The trend of public market investors increasingly backing startups has been going on for a few years now. Entities such as Tiger Global Management and Insight Partners–not traditional venture capitalists–have invested in some of the most high-profile startups in the world. Tiger, for example, is the most prolific investor in unicorn companies, according to Crunchbase data.
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But with inflation worries and geopolitical issues rocking the public markets, at least some of these “crossover investors” have pulled back on investing in startups during the first quarter of 2022, while others have ramped up their pace, according to Crunchbase data.
For the purposes of this article, we looked at some of the most deep-pocketed crossover investors–or the private equity/growth investors that led or co-led funding rounds by the highest total amounts last year. We compared the number of deals they participated in during the first quarter of 2022, through March 25, to the same period last year.
According to Crunchbase data, Tiger and the SoftBank Vision Fund have more than doubled their deal count from the first quarter of 2021 to the same period this year, while others such as T. Rowe Price have appeared to slow down their pace, at least in the first quarter.
Why fewer deals?
There may be a few reasons why some firms have done fewer deals in VC-backed companies this year compared to Q1 last year. The biggest possible reason is that stocks are essentially “on sale” with lower valuations, while that valuation adjustment may not have trickled down to the private market yet.
We’ve reached out to firms who appear to have done fewer deals for comment and will update if we hear back.
“It stands to reason that if they have a broad mandate as a fund strategy, they may see better deals on the public market front,” said Patrick Healey, president of Caliber Financial Partners, and a financial adviser and wealth manager.
The private markets tend to lag behind the public markets, so many private companies likely still have relatively high valuations, according to Josef Schuster, founder of IPOX Schuster LLC, a firm that offers financial services related to new listings.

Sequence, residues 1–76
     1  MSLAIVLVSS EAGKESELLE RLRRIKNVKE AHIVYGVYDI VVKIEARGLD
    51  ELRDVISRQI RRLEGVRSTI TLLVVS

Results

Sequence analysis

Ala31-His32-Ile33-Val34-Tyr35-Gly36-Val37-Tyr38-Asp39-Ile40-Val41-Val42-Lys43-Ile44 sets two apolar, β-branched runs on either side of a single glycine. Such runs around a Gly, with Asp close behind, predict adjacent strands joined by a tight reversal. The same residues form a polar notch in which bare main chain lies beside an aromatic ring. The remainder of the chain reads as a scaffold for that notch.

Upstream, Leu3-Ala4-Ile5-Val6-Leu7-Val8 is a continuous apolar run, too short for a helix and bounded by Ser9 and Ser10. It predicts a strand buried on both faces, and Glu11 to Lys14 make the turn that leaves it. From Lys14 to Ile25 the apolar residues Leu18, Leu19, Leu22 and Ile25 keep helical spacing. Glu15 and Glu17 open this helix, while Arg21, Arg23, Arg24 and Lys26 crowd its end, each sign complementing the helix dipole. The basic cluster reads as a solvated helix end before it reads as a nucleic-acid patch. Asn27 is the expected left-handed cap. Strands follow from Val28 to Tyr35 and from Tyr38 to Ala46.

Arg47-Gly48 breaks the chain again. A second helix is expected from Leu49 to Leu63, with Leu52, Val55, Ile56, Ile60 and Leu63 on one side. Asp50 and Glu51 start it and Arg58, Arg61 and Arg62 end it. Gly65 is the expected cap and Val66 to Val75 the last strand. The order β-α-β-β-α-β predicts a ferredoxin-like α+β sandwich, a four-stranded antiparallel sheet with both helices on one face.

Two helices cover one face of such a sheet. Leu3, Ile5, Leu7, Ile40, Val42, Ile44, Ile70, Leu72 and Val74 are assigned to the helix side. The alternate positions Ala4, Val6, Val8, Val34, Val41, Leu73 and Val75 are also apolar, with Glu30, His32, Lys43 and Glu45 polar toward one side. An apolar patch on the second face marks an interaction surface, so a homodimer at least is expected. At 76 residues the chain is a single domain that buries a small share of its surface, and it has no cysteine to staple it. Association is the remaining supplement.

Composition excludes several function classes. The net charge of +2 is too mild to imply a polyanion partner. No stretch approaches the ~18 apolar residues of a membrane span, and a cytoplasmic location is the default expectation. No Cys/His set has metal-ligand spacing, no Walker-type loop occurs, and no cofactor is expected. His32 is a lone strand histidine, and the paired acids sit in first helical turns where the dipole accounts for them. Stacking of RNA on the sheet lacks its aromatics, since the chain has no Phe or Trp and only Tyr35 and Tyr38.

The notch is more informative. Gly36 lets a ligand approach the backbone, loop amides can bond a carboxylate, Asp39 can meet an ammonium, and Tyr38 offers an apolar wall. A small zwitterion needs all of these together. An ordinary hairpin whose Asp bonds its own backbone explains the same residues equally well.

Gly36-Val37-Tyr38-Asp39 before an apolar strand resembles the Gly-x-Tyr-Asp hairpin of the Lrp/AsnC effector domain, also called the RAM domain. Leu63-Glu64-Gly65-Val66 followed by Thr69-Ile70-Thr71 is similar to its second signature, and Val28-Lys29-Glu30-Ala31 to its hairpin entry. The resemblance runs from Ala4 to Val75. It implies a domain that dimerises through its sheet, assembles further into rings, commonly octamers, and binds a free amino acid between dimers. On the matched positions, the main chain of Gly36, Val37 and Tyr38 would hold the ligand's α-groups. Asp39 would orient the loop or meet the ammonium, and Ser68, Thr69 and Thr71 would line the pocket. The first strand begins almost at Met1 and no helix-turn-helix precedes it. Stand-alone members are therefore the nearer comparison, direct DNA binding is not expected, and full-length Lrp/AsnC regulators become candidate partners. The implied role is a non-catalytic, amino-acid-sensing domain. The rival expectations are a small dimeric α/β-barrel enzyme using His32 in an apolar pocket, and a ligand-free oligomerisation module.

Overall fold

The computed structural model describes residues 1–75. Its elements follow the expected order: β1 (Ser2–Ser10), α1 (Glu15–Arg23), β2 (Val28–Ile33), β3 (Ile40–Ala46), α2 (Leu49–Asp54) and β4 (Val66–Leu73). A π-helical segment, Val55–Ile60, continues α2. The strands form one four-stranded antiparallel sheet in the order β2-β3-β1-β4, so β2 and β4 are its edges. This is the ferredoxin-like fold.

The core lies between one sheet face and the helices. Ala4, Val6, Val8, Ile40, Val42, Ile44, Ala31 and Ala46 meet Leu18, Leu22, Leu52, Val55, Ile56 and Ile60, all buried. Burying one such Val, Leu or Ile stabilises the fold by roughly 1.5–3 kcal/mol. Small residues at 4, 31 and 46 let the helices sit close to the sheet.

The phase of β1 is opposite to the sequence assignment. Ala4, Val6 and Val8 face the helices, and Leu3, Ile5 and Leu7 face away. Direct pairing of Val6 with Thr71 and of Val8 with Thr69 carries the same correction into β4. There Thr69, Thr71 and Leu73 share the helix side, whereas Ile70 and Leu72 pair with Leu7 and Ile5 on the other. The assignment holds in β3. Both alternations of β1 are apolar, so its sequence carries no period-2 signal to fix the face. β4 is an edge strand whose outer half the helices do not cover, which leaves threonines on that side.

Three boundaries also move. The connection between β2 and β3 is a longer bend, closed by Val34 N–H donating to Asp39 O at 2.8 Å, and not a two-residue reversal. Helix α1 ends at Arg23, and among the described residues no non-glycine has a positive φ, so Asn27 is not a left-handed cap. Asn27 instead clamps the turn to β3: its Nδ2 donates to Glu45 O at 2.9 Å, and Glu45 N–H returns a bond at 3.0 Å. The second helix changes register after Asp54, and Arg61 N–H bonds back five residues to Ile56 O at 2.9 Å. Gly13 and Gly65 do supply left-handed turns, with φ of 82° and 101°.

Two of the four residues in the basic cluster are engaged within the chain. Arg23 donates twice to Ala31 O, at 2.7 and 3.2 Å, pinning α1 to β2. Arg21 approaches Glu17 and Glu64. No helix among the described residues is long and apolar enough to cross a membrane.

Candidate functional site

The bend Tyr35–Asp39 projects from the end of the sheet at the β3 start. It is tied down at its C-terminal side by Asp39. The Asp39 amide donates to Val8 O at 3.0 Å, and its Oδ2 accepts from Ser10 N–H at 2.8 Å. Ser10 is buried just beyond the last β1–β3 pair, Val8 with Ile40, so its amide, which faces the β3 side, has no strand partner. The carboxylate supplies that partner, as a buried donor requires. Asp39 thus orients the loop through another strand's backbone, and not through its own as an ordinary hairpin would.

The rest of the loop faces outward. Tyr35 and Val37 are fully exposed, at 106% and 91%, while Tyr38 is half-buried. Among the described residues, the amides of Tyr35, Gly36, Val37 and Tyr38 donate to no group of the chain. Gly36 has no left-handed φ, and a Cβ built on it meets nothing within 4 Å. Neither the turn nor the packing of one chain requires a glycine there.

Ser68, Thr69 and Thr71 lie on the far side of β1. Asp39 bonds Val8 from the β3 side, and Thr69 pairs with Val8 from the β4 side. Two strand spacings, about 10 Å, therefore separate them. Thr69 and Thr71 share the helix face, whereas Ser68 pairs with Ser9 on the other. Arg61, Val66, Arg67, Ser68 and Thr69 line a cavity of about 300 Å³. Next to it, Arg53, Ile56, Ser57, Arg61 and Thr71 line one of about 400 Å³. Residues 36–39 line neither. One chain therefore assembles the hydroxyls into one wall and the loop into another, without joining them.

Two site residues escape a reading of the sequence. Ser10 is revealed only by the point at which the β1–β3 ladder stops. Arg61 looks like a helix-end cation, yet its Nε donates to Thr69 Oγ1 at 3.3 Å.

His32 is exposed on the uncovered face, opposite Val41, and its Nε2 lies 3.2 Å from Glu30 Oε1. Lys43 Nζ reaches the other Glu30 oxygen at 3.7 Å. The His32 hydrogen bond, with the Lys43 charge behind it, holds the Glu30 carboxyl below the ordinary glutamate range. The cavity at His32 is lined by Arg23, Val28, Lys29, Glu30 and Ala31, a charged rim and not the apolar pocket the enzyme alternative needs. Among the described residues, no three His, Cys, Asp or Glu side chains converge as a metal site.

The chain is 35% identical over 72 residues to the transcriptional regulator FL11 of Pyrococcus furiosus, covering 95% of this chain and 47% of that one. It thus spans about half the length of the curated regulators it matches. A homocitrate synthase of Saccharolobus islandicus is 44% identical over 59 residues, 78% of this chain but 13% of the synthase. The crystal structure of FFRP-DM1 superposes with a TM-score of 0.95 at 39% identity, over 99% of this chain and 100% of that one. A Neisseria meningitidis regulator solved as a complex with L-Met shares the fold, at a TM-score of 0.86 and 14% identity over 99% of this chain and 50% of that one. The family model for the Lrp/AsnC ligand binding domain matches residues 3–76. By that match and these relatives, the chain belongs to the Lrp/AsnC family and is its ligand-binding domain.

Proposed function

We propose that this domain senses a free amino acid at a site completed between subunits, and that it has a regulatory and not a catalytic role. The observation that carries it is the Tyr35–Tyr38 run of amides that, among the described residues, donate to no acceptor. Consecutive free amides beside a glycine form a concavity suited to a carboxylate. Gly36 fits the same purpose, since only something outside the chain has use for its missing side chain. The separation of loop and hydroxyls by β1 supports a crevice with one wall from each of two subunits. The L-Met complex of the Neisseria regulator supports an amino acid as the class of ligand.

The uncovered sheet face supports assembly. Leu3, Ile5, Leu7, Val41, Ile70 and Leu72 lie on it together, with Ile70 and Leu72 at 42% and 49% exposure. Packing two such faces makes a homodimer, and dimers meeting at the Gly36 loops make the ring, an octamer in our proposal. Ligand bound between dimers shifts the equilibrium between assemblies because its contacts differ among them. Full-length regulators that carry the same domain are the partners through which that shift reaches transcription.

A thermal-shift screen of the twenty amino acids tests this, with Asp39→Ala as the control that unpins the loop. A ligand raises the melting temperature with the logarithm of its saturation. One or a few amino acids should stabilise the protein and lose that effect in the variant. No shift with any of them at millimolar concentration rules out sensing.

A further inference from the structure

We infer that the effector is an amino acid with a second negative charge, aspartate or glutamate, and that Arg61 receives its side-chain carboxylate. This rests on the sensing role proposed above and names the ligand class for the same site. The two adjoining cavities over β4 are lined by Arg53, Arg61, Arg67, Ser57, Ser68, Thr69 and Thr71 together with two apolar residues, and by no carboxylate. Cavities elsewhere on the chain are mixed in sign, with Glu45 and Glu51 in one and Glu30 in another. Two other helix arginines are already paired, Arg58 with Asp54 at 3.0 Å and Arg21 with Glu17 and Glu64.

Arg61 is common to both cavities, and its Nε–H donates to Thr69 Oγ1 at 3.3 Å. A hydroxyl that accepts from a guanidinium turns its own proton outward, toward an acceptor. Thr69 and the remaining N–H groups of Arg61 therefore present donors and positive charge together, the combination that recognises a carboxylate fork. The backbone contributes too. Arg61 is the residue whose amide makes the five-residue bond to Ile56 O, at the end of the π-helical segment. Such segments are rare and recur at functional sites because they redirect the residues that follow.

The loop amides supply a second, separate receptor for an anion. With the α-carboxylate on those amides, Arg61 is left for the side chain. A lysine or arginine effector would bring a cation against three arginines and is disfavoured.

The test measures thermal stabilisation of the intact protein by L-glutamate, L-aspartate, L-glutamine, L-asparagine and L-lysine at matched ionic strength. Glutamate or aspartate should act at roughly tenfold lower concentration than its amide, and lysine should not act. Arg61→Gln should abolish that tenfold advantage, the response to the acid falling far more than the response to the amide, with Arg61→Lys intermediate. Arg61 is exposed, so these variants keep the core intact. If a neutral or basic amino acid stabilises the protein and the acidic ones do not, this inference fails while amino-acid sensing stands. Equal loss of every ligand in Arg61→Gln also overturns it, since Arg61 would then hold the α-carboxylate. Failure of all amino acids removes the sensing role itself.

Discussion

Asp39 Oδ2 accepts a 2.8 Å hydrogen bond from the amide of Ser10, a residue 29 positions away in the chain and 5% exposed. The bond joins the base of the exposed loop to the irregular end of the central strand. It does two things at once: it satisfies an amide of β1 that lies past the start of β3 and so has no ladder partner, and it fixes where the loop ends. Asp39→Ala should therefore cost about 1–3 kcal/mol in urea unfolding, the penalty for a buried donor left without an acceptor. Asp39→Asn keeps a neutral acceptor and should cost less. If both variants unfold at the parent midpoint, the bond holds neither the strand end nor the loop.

“The fact that the Nasdaq has been in a bear market for at least a few weeks here, there have been a lot of valuation adjustments going on in the public markets but the private markets I don’t think have caught up to it fully,” Schuster said.
In other words, why invest in private companies that still have high valuations, when you can invest in public companies that have seen their valuations come down?
Kin Insurance CEO Sean Harper pointed to this during a recent conversation about the current fundraising environment. He noted that the company’s 2021 Series C, which totaled nearly $64 million, was led by a crossover investor, hedge fund Senator Investment Group. With its Series D this year, there wasn’t any meaningful participation from a crossover investor.
Some crossover investors could’ve also seen capital disappear when stocks tanked, giving them less money to work with.
“In times when the macro uncertainty is so much higher than it was a year ago and the money is so much more expensive than it was a year ago, large investors gravitate toward the public markets naturally,” Schuster said. “Often liquidity is a big reason for that.”
Schuster pointed to Thoma Bravo’s choice to acquire Anaplan, a public company, as an example of a crossover investor taking advantage of lower public company valuations. The firm likely thinks Anaplan’s stock has run its course in terms of downside, so they see value in acquiring it, Schuster said.
Stepping up the pace
Some crossover investors have continued to increase their investing pace this quarter. That includes Tiger, which has done 131 deals in VC-backed companies in Q1 this year according to Crunchbase data, compared to 55 in the same period last year.
Where firms have sped up investments in private companies, it could be the case that they have mandates to deploy those funds.
“Many firms raised money for private markets last year, they have the money sitting in the accounts and they have to deploy it,” Schuster said.
Illustration: Dom Guzman
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